Jay Tavare – Gorgeous Native American Actor

Bailey here –

So while we’re on the topic of hot Natives, I found another one for you. Jay Tavare! And he is something. Not only is he gorgeous, has a hot bod and can act, he also did his own Emmy nominated stunt on CSI Miami – jumping out of a 23rd story building in 200 foot free fall! Not me. No thanks.

Jay is Apache, Navajo and Latin. And a nice mix of it to be sure. He is 5’11”, has hazel eyes and black hair – and lots of muscle. His favorite meal is breakfast and his favorite colors are red, black and tan. Jay believes that one way we can all help the environment – and save trees – is to stop requesting useless ATM print-outs. Such a small thing, but done by many would make a HUGE difference.

Where can you see Jay – besides here in my journal?

Movie and TV Appearances:

  • Cold Mountain
  • The Missing
  • CSI Miami
  • Into the West – one of my favorites!
  • Vatos Locos
  • Pathfinder
  • El Padrino
  • Among others . . .

Jay has also been on the covers of Cosmopolitan, GQ, Vogue and Vanity Fair. He’s been featured in articles in The Hollywood Reporter, Entertainment Weekly, LA Confidential – and my personal favorite – Cowboys and Indians.

Jay lives in Los Angeles and writes screenplays and non-fiction magazine articles in his spare time. He’s also a sought after speaker for a variety of subjects including American Indian history, diet and nutrition, and health and fitness.

Jay is a humanitarian and a dog lover. Jay supports the Adopt-an-Elder program by having adopted several Navajo elders and a Navajo family, providing desperately needed food and clothing to those in need. He’s also actively involved in Samoyed and Wolfdog rescue, owning a Samoyed of his own.

Check out more about Jay on his website at http://jaytavare.com/

Adam Beach – Native Actor

Bailey here again –

Adam Beach is a prolific Native actor you’ve likely seen on TV, at the movies, or both. He most recently co-starred with Harrison Ford in the movie, Cowboys & Aliens.

Adam was born in Manitoba, Canada and grew up with his two brothers on the Dog Creek First Nations Reserve. He was eight years old when his mother was killed by a drunk driver. Eight weeks later, his father drowned. Adam doesn’t like to recall his childhood very often because it was so painful. He and his two brothers eventually were taken to Winnipeg to live with an aunt and uncle (his father’s brother), who he refers to as “dad.”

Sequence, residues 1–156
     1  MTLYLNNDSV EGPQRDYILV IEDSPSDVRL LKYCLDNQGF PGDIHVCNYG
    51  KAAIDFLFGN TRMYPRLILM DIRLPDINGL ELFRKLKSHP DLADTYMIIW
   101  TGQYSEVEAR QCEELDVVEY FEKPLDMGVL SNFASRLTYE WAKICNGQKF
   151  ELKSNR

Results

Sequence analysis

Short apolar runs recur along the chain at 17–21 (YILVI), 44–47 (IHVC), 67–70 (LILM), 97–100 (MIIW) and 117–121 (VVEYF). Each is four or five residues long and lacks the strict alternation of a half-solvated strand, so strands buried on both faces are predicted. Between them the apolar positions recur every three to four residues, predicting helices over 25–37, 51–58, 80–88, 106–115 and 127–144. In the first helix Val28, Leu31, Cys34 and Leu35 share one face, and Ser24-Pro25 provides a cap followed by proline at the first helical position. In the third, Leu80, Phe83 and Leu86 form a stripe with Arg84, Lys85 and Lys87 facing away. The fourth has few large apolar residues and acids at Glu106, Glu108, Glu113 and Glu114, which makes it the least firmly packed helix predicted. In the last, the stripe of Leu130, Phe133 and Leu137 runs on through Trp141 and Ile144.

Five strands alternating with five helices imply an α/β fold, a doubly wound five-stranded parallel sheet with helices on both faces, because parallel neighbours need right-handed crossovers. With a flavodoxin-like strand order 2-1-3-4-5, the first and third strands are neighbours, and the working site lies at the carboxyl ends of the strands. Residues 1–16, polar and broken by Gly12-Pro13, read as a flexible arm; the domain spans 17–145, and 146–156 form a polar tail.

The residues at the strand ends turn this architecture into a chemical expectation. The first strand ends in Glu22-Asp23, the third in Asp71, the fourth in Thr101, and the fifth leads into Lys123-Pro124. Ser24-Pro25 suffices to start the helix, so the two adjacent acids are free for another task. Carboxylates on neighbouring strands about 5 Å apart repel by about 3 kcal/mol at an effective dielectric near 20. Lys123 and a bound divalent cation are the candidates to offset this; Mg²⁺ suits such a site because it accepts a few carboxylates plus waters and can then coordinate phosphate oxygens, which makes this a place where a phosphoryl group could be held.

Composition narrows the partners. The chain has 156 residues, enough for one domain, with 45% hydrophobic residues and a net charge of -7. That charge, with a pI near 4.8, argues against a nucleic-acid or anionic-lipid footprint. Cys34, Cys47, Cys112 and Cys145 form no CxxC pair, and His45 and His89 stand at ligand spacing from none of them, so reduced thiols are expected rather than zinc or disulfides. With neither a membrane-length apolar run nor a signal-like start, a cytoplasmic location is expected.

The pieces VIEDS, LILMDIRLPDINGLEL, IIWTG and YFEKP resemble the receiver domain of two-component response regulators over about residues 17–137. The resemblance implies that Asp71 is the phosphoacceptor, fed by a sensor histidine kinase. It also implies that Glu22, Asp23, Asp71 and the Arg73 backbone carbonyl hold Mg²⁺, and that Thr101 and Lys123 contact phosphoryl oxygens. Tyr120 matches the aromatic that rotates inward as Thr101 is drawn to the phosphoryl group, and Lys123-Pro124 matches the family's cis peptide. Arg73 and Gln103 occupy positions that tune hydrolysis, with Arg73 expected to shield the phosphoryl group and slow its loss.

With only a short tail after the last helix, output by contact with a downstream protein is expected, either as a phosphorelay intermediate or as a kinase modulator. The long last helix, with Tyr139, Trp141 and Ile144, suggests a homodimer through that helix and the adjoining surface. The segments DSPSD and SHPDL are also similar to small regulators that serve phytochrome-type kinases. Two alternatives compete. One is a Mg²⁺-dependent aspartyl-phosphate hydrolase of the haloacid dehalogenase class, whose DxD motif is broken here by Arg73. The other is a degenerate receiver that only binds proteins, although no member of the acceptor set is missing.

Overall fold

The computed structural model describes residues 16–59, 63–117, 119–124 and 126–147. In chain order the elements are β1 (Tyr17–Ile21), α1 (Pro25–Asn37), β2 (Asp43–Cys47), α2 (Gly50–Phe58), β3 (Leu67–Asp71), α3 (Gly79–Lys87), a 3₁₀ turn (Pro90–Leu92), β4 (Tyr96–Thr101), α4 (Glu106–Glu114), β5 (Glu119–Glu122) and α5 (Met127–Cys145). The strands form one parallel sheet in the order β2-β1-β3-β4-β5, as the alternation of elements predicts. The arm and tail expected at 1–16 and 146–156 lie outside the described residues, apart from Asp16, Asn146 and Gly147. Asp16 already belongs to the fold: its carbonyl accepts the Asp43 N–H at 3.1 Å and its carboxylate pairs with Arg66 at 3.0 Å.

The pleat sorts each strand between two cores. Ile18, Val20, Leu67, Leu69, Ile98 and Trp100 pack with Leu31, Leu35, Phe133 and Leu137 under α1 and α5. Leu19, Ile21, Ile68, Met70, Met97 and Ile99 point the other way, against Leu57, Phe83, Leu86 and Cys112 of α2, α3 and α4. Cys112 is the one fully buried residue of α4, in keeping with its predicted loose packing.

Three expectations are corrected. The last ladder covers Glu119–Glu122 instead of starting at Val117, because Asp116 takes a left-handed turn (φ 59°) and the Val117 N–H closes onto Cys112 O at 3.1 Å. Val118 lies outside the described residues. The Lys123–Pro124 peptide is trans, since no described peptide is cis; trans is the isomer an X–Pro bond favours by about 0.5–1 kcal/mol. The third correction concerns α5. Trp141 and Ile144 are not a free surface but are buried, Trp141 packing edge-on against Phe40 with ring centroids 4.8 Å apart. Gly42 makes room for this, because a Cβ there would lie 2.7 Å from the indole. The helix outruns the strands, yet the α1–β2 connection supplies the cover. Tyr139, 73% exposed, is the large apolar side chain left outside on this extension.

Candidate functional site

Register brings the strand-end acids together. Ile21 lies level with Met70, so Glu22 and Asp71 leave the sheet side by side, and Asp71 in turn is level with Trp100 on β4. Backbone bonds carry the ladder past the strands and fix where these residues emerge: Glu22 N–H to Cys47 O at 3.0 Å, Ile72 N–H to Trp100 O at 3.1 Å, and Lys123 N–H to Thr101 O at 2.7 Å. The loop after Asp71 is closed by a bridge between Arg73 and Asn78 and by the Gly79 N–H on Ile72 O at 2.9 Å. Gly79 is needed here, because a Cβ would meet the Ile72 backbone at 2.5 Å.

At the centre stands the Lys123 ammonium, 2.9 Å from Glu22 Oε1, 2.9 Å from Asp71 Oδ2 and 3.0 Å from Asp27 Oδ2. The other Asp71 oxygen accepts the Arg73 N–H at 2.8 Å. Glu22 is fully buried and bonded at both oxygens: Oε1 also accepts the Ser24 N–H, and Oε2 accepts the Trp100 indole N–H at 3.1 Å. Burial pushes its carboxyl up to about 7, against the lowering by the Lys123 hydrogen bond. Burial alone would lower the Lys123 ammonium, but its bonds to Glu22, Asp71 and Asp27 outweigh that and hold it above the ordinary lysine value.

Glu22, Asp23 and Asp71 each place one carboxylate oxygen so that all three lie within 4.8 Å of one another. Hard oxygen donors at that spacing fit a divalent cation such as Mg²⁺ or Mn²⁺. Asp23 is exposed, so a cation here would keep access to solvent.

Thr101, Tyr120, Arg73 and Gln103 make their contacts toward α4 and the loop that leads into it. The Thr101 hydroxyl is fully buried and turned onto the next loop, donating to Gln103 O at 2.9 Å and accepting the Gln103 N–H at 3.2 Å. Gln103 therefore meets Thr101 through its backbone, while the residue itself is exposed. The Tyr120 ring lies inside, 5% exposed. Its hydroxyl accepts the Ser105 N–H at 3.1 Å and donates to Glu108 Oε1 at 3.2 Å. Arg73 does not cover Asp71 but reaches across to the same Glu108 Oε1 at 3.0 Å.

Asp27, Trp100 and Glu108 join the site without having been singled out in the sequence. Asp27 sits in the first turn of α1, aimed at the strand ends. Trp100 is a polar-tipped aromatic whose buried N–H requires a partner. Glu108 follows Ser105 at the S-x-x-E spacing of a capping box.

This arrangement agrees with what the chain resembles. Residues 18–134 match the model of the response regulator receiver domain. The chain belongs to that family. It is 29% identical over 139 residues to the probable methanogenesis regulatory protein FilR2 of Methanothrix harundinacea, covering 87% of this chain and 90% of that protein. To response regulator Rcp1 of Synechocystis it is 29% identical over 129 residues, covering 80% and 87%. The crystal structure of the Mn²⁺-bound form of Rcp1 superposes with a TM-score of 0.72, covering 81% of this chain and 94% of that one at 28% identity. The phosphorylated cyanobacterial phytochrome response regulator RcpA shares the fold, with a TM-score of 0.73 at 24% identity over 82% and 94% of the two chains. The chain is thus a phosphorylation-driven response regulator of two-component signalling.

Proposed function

Adam made a name for himself as Victor Joseph in the award-winning film, Smoke Signals. He played opposite Nicolas Cage in Windtalkers, the story of the World War II Navajo code talkers, and received acclaim for his powerful starring role as Ira Hayes in Flags of Our Fathers, directed by Clint Eastwood and produced by Steven Spielberg.

He has also received a Golden Globe Award nomination for his portrayal as Charles Eastman in the film Bury My Heart at Wounded Knee. He’s also worked extensively in television, appearing on HBO’s fourth season of Big Love as the manager of the Indian casino; as a series regular on Law & Order: Special Victims Unit, playing the role of Ice-T’s partner, Chester Lake; and in the CBS miniseries Comanche Moon. Adam currently has a recurring role on ABC’s new series Combat Hospital (2011).

Adam brings a unique and diverse perspective to his work as he is strongly rooted in his Native heritage. He received the Best Actor Award from the American Indian Film Festival for his role of Frank Fencepost in the film Dance Me Outside.

Adam’s commitment to his spiritual development through traditional grass dancing enhances his work. He spends his spare time playing hockey and generously donating his voice and enthusiasm in support of Native youth.

Adam’s film and television involvement is so extensive I can’t list it all here. But you can check him out on his IMDB page at: http://www.imdb.com/name/nm0063440/